Energy security entails an assurance of sufficient energy supply to allow an economy to function in a political and acceptable manner (Ciuta 2010). Gunningham (2012) considered ‘energy security’ as having a reliable and adequate supply of energy at reasonable prices which, by implication, also means addressing short- and long-term energy insecurity. In the past two decades, South Africa has witnessed steady economic growth, resulting in an increasing focus on industrialisation, together with mass electrification programmes to take power into deep rural areas (Kiratu 2010). South Africa’s energy demand is expected to be twice the current level by 2030. Electricity generation is a high consumer of fossil fuels, especially in the form of coal (Kiratu 2010; Strydom & Surridge 2009). The advent of new coal-fired electricity generation stations and new gas to liquid fuel plants is likely to increase South Africa’s dependence on fossil fuels. To reduce the increased dependence on fossil fuels, more efforts and financial support may be put into energy efficiency, for it is likely to enhance energy security as well as energy-related public expenditures.

The public budgetary position of South Africa may be improved through lower expenditure on energy, based on benefits accruing from the introduction of energy efficiency measures (Ryan & Campbell 2012). In countries where fuel is imported, there is a positive impact on current reserves and in energy exporting countries, energy efficiency can free up more fuel for export. In addition, for countries with energy consumption subsidies, reduced consumption means lowered government budgetary outlays to finance these subsidies. According to Ryan and Campbell (2012), reducing expenditure on energy may improve the public budgetary position in several ways. In countries with state-owned enterprises, reducing energy demand means less public expenditure on fuel. This can be particularly important in fuel importing countries where foreign currency reserves may be depleted through high fuel imports.

In contrast, in countries with fuel exports, domestic energy efficiency remains important, as reduced energy demands domestically free up more fuel for export. Sustainable development is an international concern and access to modern energy services is an important issue in serving the basic needs for living and the conditions for social and economic development (Ryan & Campbell 2012). In designating 2012 as the International Year of Sustainable Energy for All, the United Nations called on governments to support its Millennium Development Goals (MDGs) through energy policies with a specific call to double the rate of improvement in energy efficiency. The MDGs form the bedrock of South Africa’s National Development Plan (2010 to 2030). This plan, in its fourth chapter, stresses that between 2021 and 2025, energy efficiency will have to increase as well as the resilience of the transport network through the introduction of energy efficiency measures.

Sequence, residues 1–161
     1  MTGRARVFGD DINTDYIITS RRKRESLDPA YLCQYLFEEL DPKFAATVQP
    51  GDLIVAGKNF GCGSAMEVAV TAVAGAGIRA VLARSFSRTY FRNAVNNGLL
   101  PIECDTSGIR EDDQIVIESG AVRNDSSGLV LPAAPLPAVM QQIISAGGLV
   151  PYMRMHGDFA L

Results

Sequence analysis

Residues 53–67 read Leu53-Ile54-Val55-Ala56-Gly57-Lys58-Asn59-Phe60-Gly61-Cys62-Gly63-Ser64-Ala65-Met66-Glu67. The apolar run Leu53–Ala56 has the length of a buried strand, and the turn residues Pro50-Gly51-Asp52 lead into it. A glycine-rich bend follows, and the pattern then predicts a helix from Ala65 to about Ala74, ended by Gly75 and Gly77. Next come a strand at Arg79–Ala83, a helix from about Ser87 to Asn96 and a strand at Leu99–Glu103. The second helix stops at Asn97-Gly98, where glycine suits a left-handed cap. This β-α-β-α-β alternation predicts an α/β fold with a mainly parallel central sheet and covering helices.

Furthermore, the development of energy efficiency programmes has the potential to create jobs within a short period of time. Improvement in employment rates can be attributed to energy efficiency programmes directly through job creation and indirectly through consumer surplus spending (Janssen & Staiaszek 2012). Direct jobs created in the delivery of energy efficiency measures are easiest to measure and are likely to be abundant. In measuring the sectoral consumption of energy in an economy, the gross production value (GPV), as a primary indicator of a country’s economic performance, is widely used to estimate its energy consumption. In South Africa, the GDP contribution of the primary and secondary sectors (agriculture, mining and manufacturing) is declining while that of the tertiary sector (tourism and service industry) is on the rise. However, energy consumption (electricity) in the primary and secondary sectors is higher compared with their GDP contribution. The decreasing contribution to GDP and the growing consumption in terms of energy within these sectors is a direct indication of energy inefficiency in these sectors. This is consistent with the definition of energy efficiency by economists that energy efficiency is a measure of input and output. If this method of measurement is accurate, historical values for gross value added for the agricultural sector from Statistics South Africa (2005) during the period 1980 to 2010, and projected value estimates based on this historical contribution of the agricultural sector to the country’s GDP from 2010 to 2050, were used to compute the final fossil fuel demand for the agricultural sector. The results revealed inefficiency in energy consumption in the agricultural sector as the increase in demand is higher than the sectors’ contribution to the country’s gross domestic production (Deloitte 2012).